July 31, 2019 / 7:42 AM / 17 days ago

Glencore feels pain of Africa risk, cobalt price fall

LONDON (Reuters) - Glencore said on Wednesday it faced a $350 million hit after cobalt prices halved and has begun an overhaul of its under-performing Africa business, which it will explain next week with output revisions in Democratic Republic of Congo.

FILE PHOTO: The logo of commodities trader Glencore is pictured in front of the company's headquarters in Baar, Switzerland, September 30, 2015. REUTERS/Arnd Wiegmann/File Photo

First-half copper production was 5% lower than last year, while cobalt output rose 28%. Zinc and coal output rose 8% and 10% respectively and nickel dropped 11% versus the same time last year because of maintenance.

London-listed Glencore’s exposure to risk in Democratic Republic of Congo and Zambia has weighed on the company’s share price, which has fallen while those of its diversified mining peers have risen.

In a statement, CEO Ivan Glasenberg said Glencore was addressing the challenges at its Katanga Mining unit in Congo with management changes and an operational review while in Zambia it was near the end of multi-year improvements.

The Zambian government’s move to seize assets of fellow miner Vedanta have alarmed the industry, while in Democratic Republic of Congo, Glencore has faced a series of problems, including the death of artisanal miners who invaded its concession.

After the commodity price collapse of 2015-16, Glencore rebounded when the market predicted its willingness to operate in difficult jurisdictions gave it prime access to the minerals needed for the shift to an electrified economy.

Investors this year have become focused on avoiding risk following fatal accidents across the industry, as well as concerns about climate change.

AFRICAN POTENTIAL

Glasenberg said Glencore’s African copper retained significant potential and would “play a key role in the transition to a low carbon economy”.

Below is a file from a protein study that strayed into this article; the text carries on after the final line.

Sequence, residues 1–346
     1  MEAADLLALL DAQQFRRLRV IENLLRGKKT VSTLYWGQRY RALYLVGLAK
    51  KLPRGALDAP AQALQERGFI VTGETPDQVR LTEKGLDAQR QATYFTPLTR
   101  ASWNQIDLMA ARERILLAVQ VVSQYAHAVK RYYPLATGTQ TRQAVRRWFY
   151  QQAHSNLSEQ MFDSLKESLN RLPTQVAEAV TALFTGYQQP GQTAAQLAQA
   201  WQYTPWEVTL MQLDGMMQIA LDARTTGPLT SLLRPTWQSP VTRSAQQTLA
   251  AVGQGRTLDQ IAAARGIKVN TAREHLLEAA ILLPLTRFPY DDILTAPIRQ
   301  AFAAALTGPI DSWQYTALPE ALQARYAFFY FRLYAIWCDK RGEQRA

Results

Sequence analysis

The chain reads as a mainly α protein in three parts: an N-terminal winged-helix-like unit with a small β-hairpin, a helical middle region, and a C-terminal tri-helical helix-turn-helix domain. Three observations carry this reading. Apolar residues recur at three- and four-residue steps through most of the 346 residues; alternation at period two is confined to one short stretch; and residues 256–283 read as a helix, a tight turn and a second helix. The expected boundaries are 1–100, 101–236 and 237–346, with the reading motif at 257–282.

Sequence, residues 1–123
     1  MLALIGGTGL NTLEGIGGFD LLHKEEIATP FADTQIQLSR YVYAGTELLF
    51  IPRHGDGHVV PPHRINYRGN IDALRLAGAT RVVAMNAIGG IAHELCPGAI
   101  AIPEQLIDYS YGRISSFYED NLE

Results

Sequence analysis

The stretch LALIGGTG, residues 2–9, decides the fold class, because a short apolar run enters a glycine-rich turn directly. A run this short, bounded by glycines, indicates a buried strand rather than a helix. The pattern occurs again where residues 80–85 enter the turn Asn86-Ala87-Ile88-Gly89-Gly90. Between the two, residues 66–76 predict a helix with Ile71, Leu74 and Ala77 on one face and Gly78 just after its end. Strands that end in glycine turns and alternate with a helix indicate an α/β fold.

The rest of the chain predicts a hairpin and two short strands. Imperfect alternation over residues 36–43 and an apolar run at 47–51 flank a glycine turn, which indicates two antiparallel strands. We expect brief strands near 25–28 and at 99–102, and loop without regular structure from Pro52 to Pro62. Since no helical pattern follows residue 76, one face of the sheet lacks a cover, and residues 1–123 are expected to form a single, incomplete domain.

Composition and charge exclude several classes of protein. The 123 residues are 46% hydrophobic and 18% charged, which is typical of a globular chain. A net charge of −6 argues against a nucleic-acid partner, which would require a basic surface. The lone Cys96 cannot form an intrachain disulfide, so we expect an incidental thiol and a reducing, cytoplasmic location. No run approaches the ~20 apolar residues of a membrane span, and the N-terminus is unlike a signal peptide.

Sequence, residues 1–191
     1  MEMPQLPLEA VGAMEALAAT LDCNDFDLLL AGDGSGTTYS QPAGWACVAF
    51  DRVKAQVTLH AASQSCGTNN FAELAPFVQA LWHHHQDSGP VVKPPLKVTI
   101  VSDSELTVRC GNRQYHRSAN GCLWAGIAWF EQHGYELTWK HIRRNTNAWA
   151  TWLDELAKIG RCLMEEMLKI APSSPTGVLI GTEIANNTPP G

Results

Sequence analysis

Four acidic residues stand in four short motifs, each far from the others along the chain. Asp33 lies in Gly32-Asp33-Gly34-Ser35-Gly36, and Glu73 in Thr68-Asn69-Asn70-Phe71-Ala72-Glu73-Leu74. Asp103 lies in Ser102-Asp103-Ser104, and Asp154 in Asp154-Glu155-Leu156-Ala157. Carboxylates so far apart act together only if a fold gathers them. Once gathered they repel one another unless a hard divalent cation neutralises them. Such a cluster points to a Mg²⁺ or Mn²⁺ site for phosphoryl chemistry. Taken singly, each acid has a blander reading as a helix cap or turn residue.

He said he would explain turnaround plans when half-year results are announced next week, along with revised copper and cobalt guidance for Katanga.

Glencore said it would separate its African copper business from copper operations in less risky regions, including the Americas and Australia, during an overhaul of up to two years.

On Wednesday, Glencore’s share price eased 1.3% to just under 270 pence by 1014 GMT. It is around 7% lower since the start of the year.

Analysts said it had been a difficult first-half for Glencore.

BMO Capital Markets, which rates Glencore “market perform” said Glencore would have to improve its second-half output significantly — between 20% and 40% across nearly all of its commodities to achieve its full-year targets.

Glencore’s full-year output guidance for copper, excluding Africa, is just over one million tonnes and roughly 1.45 million tonnes including Africa.

Cobalt output rose following the resumption of exports at the Kamoto Project in Congo in April, which had been suspended because of higher than permitted uranium content.

The resumption has coincided with a falling cobalt price, which has halved from above $60,000 per tonne in late 2018 to below $30,000.

Glencore said it faced a mark-to-market loss on around 10,000 tonnes of cobalt as its marketing business has not yet sold the cobalt it effectively bought from its mining business.

The $350 million EBIT (earnings before interest and tax) cobalt loss is mostly non-cash as the position was funded in 2018, Glencore said.

Reporting by Barbara Lewis, editing by Louise Heavens/ Deepa Babington and Emelia Sithole-Matarise

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